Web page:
Three's Company: LookSmart and Snap Challenge Yahoo
Yahoo, unlike its chief competitors, is powered by human beings. A staff of 80 people reviews web sites and places them into one of Yahoo's many categories. This has produced a high-quality directory of over 750,000 sites, which is a key part of Yahoo's phenomenal success.
Now Yahoo has company: LookSmart and Snap. Both are human-powered directories with substantial listings and alliances that put them in contention to win the hearts of directory lovers.
Neither service expects to match Yahoo's incredible popularity, but they are optimistic they can attract sizable numbers of visitors to become web successes in their own rights.
LookSmart isn't new, having launched back in Oct. 1996. But unlike other directory startups at that time, it continued to expand and mature. LookSmart now lists nearly 400,000 web sites in 20,000 categories. A team of 30 people backs the directory.
LookSmart has alliances with over 100 mid-sized ISPs, and the partnerships it struck earlier this year with AltaVista and HotBot brought it to even more people's attention. Now it's taking over the premier partner position that Yahoo has abandoned on the important Netscape Net Search page. The move will even further raise awareness of the service.
Some may still remember LookSmart as Reader's Digest's entry in the search engine wars, but that ended with a management buyout last September.
Cnet's Snap service is newer. It launched in Sept. 1997, but it was completely redesigned in April to better emphasize its search and navigation core. Snap has about 200,000 web sites listed, with 60 people dedicated to building the service.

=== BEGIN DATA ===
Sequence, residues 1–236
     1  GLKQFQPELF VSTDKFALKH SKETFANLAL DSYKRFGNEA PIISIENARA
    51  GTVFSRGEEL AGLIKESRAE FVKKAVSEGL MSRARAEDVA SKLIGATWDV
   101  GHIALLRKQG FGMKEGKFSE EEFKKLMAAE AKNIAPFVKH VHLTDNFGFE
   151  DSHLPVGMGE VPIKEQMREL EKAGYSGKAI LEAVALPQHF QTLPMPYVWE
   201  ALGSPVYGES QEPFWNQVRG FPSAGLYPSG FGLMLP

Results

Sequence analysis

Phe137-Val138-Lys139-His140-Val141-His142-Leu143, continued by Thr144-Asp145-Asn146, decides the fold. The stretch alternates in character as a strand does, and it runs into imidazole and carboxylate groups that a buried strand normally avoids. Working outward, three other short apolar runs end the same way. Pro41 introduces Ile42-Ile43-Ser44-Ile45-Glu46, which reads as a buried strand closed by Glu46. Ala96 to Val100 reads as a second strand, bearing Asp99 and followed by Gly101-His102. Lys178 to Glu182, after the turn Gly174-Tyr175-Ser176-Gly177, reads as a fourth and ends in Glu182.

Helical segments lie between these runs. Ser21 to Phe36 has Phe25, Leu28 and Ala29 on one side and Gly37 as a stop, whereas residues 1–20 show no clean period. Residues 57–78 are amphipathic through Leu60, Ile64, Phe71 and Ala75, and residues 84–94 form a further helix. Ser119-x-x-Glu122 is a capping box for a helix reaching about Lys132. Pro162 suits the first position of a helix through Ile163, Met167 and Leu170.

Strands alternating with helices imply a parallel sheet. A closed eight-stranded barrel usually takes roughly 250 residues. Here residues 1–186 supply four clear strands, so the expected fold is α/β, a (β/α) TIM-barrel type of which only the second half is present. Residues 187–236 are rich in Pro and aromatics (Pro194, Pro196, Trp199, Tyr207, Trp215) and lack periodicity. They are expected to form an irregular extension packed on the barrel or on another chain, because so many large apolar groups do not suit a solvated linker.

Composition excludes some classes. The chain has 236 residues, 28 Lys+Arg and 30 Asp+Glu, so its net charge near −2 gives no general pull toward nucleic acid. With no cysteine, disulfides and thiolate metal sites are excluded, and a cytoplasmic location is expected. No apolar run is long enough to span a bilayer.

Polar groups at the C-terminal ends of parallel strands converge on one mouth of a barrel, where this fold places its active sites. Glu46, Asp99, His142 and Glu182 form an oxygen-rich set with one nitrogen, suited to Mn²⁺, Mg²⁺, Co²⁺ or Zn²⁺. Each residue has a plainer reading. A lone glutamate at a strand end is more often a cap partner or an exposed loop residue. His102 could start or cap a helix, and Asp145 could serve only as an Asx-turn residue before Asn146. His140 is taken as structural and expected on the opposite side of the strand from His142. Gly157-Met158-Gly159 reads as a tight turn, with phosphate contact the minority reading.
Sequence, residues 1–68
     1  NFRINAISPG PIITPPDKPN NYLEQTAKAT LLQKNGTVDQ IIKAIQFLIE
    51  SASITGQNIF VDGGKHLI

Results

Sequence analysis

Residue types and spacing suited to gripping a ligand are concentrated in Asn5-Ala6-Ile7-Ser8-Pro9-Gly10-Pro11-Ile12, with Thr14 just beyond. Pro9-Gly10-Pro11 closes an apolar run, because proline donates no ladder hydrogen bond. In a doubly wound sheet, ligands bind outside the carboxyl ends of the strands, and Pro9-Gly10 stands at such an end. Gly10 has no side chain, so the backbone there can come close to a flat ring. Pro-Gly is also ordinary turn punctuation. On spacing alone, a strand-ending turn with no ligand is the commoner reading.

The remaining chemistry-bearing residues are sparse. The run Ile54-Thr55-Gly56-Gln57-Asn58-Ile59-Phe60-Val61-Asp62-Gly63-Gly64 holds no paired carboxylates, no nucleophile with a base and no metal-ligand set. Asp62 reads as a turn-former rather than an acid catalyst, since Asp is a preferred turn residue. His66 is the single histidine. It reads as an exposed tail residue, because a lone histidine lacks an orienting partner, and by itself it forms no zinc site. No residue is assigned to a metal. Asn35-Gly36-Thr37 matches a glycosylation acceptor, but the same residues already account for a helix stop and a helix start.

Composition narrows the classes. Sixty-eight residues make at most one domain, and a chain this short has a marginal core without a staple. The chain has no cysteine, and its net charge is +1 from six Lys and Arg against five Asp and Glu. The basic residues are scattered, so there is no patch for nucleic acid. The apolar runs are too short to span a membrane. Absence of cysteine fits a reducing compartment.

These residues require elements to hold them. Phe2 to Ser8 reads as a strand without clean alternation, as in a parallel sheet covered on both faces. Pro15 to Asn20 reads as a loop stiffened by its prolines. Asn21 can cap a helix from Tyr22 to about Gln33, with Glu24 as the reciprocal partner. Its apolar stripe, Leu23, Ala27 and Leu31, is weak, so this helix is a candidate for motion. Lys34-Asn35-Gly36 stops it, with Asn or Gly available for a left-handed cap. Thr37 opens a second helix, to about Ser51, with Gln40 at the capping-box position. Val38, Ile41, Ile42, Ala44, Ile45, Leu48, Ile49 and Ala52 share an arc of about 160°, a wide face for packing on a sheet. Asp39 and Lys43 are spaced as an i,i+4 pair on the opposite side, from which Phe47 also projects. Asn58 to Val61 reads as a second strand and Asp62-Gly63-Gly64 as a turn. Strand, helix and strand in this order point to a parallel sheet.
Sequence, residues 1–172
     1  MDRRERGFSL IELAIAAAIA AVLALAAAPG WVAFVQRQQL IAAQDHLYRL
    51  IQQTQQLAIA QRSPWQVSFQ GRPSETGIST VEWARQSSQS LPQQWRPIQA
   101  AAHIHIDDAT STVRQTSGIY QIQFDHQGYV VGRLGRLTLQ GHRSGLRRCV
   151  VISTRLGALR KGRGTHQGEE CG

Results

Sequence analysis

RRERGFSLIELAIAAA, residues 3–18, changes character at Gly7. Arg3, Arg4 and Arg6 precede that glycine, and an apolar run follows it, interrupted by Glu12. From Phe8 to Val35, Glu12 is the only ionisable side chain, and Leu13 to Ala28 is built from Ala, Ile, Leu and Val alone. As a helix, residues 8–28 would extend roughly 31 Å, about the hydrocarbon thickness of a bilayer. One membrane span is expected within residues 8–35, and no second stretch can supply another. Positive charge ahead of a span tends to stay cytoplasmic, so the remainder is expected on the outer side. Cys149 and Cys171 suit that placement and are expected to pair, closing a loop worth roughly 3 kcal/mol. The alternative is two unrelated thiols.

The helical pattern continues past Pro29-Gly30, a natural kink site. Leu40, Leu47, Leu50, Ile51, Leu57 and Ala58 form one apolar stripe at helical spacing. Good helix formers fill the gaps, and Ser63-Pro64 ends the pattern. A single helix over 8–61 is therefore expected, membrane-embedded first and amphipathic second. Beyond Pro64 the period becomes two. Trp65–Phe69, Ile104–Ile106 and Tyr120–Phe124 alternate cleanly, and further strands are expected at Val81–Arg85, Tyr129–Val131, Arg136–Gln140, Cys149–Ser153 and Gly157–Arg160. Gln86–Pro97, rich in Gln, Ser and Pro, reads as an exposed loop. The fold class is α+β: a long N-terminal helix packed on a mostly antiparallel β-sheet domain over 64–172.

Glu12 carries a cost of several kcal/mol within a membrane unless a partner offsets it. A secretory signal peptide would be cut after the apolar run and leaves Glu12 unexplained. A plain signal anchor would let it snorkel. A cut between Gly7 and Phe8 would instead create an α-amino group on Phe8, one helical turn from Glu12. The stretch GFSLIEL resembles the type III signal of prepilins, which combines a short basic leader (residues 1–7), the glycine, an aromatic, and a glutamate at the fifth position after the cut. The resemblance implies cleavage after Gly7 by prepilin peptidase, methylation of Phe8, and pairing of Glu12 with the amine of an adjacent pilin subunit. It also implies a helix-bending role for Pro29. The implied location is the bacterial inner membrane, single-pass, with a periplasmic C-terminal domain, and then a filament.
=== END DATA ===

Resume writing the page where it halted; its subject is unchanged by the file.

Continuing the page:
Like LookSmart, Snap has gone after alliances with ISPs to be a front-end to the web for their customers. It is also promoted through Cnet's other properties and occupies secondary positions on both the Netscape and Microsoft search pages. As with LookSmart, these alliances mean that the service is coming to more people's attention.
What about Search.com, Cnet's other search service? That's run by a separate division within Cnet and will continue to provide a different service than Snap. "We're a portal, and they're kind of a unique specialty service," said Sam Parker, Snap's Vice President of Product Development.
The growth of both LookSmart and Snap is good news for those who like directories. It means that Yahoo will have to stay on its toes editorially, for one. Reviews of search engines often don't include Yahoo because as a directory, it's difficult to compare it to true search engines. Now we're at a point where a decent directory showdown is possible in the way search engine showdowns have been done in the past.
Also, choice is always nice. Search services are like shoes, and what fits one person may not be comfortable for another. The way results are ranked; the quality of listings and even the interface to the service may be loved by one person but hated by another.
There have been plenty of options in the search engine category, and now those who prefer directories can look around or choose to use multiple services, just as many use multiple search engines.
If the directories above are overwhelming, try this extremely selective directory of about 1,500 sites, compiled by library professionals. Each site is rated in one of five categories and also given an overall score.
LookSmart enters search game
News.com, May 22, 1998
Reorganized C|net Makes Ambitious Bet on Snap Site
Internet World, May 11, 1998